Bradford Martin’s ‘The Other Eighties: A Secret History of America in the Age of Reagan
(Hill & Wang: New York, 2011)’ challenges the dominance of the ‘rise of conservatism’ theme in our understanding of the 1980s.
‘More than 40 percent of American voters demurred from sanctioning this movement, not to mention the roughly 50 percent of voting-age Americans who declined to exercise their right altogether.’ [p. x]
He seeks to demonstrate that there are additional movements that developed in the decade, including the Nuclear Freeze Campaign, environmentalism, the opposition to America’s wars, Feminism; all representing the ‘other’ 1980s.
I was particularly interested in Martin’s chapter on the Nuclear Freeze Campaign. The opposition to nuclear arms control in the 1970s, and in particular the Committee on the Present Danger, clearly oversold the threat of the Soviet Union and while a successful tactic in the short term, inciting such fear was to the detriment of their longer term goals.
The fear of Communism was balanced with a fear of nuclear war, which served not to create lasting support for high defense spending – as was hoped – but instead created a broad constituency for just the reverse; a nuclear freeze and, for many, outright abolition.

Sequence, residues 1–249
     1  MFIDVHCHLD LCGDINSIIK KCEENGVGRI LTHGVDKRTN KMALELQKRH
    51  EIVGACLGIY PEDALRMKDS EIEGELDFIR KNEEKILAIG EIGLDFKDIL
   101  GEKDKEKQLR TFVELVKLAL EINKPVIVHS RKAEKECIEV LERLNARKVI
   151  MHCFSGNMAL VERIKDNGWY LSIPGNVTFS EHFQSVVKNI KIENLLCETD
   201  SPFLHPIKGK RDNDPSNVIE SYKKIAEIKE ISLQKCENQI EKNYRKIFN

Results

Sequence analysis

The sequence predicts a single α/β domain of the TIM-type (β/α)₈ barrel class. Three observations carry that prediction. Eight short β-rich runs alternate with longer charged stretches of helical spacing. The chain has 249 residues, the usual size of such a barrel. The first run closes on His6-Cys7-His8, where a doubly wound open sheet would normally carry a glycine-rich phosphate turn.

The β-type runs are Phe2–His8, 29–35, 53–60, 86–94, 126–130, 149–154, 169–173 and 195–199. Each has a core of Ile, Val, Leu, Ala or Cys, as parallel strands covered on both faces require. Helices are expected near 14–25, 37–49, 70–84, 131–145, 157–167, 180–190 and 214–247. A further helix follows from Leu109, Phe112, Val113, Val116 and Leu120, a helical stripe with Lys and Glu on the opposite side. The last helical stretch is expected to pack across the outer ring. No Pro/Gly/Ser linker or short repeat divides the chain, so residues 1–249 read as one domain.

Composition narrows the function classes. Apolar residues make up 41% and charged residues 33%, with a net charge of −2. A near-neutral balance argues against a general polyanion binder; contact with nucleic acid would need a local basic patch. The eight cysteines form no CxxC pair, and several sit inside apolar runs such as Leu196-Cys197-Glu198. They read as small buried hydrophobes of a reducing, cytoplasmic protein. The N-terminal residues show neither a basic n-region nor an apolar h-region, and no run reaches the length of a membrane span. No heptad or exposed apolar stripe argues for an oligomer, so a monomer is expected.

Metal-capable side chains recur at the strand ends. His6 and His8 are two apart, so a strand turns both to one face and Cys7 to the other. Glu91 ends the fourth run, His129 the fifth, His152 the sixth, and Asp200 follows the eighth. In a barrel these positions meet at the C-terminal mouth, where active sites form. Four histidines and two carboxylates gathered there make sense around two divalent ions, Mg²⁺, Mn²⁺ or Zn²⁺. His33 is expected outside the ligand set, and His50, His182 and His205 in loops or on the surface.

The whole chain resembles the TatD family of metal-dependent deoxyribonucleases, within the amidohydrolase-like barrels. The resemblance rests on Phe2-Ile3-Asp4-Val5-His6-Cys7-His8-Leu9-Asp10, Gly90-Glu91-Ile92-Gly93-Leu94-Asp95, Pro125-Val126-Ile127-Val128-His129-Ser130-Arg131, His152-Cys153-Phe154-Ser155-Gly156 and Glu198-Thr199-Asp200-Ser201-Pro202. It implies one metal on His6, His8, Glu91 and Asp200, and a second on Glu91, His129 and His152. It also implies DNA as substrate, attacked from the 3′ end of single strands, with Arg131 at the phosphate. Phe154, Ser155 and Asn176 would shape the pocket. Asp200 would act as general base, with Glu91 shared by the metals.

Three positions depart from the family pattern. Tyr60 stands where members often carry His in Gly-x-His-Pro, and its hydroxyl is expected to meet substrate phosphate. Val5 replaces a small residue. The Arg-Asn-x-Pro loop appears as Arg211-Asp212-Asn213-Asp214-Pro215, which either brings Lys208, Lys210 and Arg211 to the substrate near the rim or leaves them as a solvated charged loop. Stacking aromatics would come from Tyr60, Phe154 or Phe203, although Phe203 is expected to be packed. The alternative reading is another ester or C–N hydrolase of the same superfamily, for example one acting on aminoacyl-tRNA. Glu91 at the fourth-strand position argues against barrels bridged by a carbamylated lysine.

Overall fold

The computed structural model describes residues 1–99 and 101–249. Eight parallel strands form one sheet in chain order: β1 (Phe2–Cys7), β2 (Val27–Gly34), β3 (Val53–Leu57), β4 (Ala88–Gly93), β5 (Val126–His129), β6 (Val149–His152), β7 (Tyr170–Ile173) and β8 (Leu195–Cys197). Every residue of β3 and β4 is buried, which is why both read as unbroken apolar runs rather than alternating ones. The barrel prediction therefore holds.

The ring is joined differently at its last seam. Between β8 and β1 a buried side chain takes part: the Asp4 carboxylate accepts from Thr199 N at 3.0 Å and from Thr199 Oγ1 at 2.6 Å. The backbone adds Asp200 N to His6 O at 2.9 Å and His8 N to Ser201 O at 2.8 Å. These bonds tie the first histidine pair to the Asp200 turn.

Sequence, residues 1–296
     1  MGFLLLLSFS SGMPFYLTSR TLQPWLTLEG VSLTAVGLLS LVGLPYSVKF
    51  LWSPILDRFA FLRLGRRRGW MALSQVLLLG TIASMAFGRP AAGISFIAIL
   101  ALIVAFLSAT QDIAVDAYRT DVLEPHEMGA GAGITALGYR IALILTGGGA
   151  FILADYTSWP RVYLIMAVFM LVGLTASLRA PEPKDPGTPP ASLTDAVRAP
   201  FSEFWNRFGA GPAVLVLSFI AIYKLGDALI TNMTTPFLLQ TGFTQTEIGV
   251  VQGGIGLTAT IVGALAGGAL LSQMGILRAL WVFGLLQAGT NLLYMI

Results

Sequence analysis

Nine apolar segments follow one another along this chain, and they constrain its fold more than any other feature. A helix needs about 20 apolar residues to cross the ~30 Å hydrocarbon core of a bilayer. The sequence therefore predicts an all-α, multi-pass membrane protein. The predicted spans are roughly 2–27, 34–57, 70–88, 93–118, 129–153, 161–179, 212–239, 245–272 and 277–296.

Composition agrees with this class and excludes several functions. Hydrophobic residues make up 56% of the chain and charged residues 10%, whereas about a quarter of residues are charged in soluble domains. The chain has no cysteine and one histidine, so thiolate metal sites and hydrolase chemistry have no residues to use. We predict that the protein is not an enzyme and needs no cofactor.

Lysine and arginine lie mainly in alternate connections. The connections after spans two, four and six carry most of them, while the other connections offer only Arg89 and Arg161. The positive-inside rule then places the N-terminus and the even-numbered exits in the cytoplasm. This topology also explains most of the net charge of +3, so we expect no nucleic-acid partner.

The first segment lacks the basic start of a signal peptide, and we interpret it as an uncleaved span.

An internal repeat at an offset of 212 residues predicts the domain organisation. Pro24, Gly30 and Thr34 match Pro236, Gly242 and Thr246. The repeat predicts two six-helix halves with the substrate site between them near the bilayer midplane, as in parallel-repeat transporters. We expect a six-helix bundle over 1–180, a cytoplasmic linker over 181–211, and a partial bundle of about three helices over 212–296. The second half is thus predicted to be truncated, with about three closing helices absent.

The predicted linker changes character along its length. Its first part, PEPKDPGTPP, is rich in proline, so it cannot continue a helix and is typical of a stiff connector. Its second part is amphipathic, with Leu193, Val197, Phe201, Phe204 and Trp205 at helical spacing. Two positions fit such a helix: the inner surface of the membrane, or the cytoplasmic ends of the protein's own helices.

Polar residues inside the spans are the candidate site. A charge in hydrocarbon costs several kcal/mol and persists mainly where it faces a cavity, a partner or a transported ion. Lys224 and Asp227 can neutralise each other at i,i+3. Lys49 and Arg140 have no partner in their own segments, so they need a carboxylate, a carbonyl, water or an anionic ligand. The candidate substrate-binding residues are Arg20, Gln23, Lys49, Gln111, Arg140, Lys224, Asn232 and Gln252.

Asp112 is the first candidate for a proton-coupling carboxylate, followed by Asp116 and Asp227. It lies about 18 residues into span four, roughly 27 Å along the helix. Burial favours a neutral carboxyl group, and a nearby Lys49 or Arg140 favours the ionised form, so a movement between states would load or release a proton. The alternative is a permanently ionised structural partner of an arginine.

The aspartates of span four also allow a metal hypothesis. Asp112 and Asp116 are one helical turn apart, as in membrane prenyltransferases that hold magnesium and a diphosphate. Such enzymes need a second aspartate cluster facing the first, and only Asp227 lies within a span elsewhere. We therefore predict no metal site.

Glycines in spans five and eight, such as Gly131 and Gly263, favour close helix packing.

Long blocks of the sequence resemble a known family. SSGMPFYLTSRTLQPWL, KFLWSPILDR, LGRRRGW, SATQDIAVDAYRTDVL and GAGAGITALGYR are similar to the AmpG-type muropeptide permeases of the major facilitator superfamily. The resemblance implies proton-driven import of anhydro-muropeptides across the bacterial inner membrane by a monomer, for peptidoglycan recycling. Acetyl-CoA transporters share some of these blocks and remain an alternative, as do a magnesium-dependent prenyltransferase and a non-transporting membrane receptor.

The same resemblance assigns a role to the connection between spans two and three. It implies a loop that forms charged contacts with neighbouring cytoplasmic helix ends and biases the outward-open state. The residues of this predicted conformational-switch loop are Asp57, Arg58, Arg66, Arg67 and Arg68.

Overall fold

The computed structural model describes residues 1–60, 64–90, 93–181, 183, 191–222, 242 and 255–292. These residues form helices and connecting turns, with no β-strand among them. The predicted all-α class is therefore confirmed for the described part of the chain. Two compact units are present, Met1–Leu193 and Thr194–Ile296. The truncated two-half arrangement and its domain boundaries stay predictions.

The importance of the movement, Martin points out, was that ‘the freeze debate successfully eroded the nuclear priesthood’s aura of expertise and opened up national discourse on disarmament and national security policy.’ [p. 23]
When Ronald Reagan surprised many of his conservative allies by taking seriously his dream of abolishing nuclear weapons while negotiating with Gorbachev in the mid-1980s, it was this movement that had demonstrated (quite literally, on June 12, 1982, with a 750,000 crowd) that he could expect public support.
Martin’s book shows that we should move beyond a characterisation of the 1980s as a simple narrative of the rise of conservatism. Its increase in popularity is true, but it also sparked opposition in a variety of issues, by a variety people, in a variety of locales. And this is an important legacy of the 1980s just as much as the ‘Reagan Revolution’ itself.